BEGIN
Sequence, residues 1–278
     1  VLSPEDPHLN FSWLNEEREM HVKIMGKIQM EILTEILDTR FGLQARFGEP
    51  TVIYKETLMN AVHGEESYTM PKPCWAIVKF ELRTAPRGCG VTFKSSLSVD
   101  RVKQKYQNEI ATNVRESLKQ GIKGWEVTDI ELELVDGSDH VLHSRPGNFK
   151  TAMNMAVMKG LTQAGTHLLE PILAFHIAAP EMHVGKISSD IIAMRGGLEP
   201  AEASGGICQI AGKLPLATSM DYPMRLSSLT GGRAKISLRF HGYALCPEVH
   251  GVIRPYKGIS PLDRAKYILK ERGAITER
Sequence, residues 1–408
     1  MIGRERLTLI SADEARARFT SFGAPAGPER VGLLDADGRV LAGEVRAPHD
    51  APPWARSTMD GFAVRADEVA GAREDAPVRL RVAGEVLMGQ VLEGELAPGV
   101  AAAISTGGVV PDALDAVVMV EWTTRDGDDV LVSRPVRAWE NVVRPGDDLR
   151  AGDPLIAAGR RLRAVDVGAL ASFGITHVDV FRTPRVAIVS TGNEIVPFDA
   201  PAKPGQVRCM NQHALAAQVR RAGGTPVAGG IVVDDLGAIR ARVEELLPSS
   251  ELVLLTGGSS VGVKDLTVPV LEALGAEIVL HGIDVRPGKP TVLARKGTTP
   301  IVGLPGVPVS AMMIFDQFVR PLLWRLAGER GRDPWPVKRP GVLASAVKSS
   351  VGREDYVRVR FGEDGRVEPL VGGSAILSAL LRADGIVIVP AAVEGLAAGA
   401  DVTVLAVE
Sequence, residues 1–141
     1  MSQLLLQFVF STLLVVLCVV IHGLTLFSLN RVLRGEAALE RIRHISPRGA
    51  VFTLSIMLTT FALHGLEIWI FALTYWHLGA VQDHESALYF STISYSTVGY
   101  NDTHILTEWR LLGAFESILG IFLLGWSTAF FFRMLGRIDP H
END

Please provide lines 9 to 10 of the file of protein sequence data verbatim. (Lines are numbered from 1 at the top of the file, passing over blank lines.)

     1  MIGRERLTLI SADEARARFT SFGAPAGPER VGLLDADGRV LAGEVRAPHD
    51  APPWARSTMD GFAVRADEVA GAREDAPVRL RVAGEVLMGQ VLEGELAPGV